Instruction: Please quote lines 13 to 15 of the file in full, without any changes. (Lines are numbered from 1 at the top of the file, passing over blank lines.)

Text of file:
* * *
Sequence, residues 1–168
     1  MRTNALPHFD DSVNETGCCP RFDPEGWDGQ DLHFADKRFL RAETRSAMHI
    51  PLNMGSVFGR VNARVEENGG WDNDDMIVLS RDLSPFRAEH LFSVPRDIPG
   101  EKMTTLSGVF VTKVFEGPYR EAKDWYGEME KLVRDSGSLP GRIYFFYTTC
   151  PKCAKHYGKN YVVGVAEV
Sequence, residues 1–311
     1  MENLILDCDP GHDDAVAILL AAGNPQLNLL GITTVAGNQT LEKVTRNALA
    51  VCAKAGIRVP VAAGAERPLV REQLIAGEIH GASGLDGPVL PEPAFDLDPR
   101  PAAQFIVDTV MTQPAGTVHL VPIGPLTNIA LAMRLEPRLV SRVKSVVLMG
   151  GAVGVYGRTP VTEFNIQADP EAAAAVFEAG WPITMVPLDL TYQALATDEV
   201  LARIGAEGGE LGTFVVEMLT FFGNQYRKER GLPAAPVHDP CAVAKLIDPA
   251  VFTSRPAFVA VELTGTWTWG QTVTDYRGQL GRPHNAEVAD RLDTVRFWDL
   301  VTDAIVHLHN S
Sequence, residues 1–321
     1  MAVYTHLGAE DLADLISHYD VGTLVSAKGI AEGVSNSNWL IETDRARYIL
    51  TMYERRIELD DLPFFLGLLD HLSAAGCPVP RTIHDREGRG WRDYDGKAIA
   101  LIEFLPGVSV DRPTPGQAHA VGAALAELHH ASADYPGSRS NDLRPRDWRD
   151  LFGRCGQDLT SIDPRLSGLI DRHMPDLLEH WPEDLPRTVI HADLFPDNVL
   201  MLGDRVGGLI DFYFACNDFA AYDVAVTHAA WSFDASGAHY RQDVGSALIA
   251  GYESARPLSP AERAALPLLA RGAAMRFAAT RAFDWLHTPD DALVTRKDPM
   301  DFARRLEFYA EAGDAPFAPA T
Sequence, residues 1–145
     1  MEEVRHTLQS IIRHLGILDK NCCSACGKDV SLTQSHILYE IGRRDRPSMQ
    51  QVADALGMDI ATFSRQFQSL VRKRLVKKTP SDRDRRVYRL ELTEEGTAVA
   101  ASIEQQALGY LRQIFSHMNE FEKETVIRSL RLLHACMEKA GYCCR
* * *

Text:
   301  VTDAIVHLHN S
Sequence, residues 1–321
     1  MAVYTHLGAE DLADLISHYD VGTLVSAKGI AEGVSNSNWL IETDRARYIL